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Medical Librarians: Improving Research Quality, Reducing Bias

Aurelia Minuti, head of reference & educational services at D. Samuel Gottesman Library at Albert Einstein College of Medicine, assists a student.

Aurelia Minuti, head of reference & educational services at the D. Samuel Gottesman Library at Einstein, assists a student seeking information.

A recent Viewpoint column by Melissa L. Rethlefsen et al. in the Journal of the American Medical Association,Engaging Medical Librarians to Improve the Quality of Review Articles,” examined the value medical librarians bring to the research process. Librarians’ expertise includes selecting databases, employing advanced search skills, refining topics, developing search strategies and managing results. Disappointingly, these skills are sometimes underused by medical students and established researchers; they either don’t understand the value of these tasks or believe they are already expert at searching.

The article caused me to reflect on the evolving relationship between librarians and researchers that I’ve experienced throughout my library career.

Before the Internet (remember those days?), clinicians needing the most-current medical information would have to search the printed Index Medicus. The first step in the process required identifying the appropriate medical subject headings (MeSH). This was not always straightforward. A researcher looking for articles on earaches, for example, would have to search under the term “otitis media.” Once relevant citations were found (after the searcher had pored over volumes of the Index Medicus), they were jotted down on scraps of paper. The next step required physically hunting down the actual printed articles.

The Dawn of the Information Age
In the 1970s, the MEDLINE database became available via dial-up modem. Its search syntax was complex and charges were incurred based on the computer’s connection time and the number of abstracts retrieved. To keep costs under control, not a second could be wasted. Irrelevant citations burned precious time and money. Working closely with clinicians and researchers, we would develop efficient search strategies in advance to home in on the best articles as quickly as possible. This was particularly exciting for me because it gave me a window into the world of the researchers. It was fascinating to hear them talk about their ideas and their research projects.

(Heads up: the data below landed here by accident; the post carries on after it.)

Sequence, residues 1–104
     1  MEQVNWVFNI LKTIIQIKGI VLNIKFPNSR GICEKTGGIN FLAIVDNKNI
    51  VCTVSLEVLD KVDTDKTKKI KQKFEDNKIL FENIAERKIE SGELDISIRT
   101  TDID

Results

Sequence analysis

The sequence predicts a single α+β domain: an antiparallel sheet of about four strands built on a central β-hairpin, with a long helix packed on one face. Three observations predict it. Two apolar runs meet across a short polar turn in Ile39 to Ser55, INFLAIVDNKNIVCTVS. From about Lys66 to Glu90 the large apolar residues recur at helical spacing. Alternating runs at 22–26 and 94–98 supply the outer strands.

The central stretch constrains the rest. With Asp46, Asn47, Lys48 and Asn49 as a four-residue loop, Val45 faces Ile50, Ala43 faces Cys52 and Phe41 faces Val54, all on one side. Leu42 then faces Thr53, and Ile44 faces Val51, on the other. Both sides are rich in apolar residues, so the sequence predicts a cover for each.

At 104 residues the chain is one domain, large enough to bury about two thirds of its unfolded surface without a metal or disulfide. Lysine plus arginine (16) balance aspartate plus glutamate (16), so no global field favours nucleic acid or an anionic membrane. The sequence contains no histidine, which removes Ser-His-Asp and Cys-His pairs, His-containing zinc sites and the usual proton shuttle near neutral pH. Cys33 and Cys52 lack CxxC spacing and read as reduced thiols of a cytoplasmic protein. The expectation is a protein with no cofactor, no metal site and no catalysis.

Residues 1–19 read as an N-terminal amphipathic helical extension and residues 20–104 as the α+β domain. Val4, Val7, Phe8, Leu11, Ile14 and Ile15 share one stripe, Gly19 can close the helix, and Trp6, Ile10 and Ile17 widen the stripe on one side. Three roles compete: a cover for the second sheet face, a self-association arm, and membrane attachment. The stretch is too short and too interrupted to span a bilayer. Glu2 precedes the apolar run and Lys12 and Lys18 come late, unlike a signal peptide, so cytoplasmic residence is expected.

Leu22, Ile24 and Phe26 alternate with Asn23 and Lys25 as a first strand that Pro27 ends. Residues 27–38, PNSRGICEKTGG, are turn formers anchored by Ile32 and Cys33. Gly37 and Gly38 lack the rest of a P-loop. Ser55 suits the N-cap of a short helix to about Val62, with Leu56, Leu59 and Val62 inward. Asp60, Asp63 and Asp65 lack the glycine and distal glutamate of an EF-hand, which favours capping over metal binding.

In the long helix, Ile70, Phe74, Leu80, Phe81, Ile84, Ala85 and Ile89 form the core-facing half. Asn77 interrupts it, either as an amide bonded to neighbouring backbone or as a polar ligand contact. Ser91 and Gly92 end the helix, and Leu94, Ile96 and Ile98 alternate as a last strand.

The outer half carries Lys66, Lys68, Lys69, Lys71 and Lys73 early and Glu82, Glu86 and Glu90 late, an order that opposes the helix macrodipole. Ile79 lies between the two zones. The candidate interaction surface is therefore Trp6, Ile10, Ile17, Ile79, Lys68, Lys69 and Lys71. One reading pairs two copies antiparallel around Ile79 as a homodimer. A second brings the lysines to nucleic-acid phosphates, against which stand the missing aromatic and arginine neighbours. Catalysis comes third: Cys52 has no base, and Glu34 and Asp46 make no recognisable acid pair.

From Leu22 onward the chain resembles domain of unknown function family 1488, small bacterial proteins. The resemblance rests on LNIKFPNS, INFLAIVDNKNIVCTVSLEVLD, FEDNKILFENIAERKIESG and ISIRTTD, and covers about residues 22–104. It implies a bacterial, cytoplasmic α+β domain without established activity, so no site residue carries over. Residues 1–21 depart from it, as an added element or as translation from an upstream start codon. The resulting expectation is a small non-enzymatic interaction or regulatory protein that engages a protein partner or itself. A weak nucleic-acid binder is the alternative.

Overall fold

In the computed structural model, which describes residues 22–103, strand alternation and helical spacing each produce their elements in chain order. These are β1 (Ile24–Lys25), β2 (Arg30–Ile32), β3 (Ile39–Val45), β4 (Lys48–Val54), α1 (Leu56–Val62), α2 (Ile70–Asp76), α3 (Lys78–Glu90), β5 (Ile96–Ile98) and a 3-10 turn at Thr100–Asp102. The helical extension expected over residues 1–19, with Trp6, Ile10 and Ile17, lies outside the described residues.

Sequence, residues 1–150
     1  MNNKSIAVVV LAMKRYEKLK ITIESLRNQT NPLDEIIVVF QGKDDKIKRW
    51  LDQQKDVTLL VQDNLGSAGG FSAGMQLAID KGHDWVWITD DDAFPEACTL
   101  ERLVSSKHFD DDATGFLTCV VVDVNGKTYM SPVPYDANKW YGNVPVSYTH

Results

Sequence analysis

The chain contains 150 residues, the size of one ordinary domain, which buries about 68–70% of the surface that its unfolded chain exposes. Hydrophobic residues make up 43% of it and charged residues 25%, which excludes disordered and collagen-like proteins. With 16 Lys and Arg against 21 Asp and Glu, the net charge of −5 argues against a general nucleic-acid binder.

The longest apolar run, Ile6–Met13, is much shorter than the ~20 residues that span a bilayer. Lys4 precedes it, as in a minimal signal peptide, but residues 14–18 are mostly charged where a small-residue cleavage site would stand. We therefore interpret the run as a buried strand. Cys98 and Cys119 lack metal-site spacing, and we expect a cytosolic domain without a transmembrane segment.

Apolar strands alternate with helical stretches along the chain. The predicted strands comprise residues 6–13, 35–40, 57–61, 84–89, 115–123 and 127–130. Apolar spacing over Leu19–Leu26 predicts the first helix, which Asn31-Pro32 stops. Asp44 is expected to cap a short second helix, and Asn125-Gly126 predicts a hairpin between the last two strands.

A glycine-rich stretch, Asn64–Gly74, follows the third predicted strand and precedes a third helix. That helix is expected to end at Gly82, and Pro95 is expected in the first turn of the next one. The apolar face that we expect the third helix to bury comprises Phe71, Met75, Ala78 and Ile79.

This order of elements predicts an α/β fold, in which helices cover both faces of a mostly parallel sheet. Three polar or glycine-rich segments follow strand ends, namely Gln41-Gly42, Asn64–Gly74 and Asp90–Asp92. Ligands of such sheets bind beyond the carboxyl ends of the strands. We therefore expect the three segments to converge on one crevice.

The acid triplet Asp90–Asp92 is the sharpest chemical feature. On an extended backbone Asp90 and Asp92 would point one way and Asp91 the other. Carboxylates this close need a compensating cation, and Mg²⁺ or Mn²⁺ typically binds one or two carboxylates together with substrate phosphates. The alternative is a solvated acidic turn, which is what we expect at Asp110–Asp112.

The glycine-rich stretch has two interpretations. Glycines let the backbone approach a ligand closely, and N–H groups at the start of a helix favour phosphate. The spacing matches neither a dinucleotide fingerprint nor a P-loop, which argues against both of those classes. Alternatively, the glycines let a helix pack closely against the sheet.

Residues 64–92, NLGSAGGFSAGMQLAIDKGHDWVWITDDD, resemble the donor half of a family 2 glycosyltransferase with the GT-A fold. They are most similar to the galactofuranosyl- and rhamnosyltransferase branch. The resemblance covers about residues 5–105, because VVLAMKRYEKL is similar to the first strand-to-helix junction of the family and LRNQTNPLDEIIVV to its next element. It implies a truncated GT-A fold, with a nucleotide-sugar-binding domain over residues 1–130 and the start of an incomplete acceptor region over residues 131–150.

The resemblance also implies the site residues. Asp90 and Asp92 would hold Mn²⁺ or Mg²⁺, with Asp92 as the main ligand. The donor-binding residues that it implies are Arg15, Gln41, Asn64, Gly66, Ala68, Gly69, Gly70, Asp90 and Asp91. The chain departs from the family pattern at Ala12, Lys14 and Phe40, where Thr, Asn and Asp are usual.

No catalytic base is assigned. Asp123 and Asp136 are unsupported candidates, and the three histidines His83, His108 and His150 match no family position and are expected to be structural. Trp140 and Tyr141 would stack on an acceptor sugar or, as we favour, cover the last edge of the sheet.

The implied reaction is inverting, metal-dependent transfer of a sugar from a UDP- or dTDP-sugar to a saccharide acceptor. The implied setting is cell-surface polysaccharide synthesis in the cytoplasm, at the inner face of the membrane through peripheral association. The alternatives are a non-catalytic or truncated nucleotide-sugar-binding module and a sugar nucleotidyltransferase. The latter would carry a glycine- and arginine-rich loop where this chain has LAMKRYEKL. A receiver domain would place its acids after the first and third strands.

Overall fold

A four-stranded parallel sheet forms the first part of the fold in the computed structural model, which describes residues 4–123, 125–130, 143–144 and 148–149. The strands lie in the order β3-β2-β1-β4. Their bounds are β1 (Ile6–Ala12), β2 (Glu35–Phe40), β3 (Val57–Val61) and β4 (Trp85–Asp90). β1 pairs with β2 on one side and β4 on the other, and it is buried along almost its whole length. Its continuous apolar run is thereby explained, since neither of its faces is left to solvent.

Things began to change with the introduction of the software known as Grateful Med. With its user-friendly look and feel, clinicians were finally able to search MEDLINE on their own. The PubMed search engine is now available for free all over the world on the Web and even on mobile phones and tablets. Full-text journal articles can be retrieved at the click of a button, though they may require subscriptions. Interlibrary loan provides access to articles that are not available at a researcher’s home institution.

Better Searches, Better Evidence
The focus on evidence-based medicine (EBM) has reinforced the importance of collaboration with librarians. Finding the best evidence and avoiding bias are key to medical research and investigation. That’s why proper searching involves more than just tossing a bunch of keywords into a search box.

When we teach MEDLINE or EBM workshops to students and faculty, we find that many participants feel that because they are experts in their fields, they are also expert searchers. The truth is, many are not. Upon further discussion, some will acknowledge that they often feel frustrated, finding too many or too few relevant results. The stakes are particularly high when it comes to patient care, and also when writing for publication. Review articles, especially systematic reviews, are daunting because the authors know that other clinicians could base their own medical decisions on these articles.

Search and Discover
One of my favorite “Aha!” moments is showing a researcher the MeSH “tree structure,” which illustrates relationships among terms and ranks concepts hierarchically from broad to extremely specific. This often causes the researcher to step back and say “I hadn’t looked at it that way—maybe it would be better to explore this topic from a broader perspective,” or “Maybe I should be more specific.”

In addition, sometimes researchers don’t think beyond PubMed or Google Scholar. Some topics lend themselves to more-specialized databases, such as Embase (for drug information), SciFinder (for chemistry) and CABI Global Health (for public health topics). Introduction to these resources opens up exciting new opportunities for discovery.

Making the Connection
Earlier this year, my colleague Aurelia Minuti worked with a team of students who wanted to conduct a systematic review. During their initial discussions of the topic, Aurelia advised them that their topic was too broad to lend itself to such a review. Working together over the course of several meetings, they were able to refine the question. Based on this revised question, Aurelia selected three databases to examine and developed search strategies to harvest relevant articles.

The students were so pleased with the search results that one of them sent her the following message: “Thank you, Mrs. Minuti, you are absolutely killing it for us!” Ah, a successful match between researcher and subject—music to every medical librarian’s ears!

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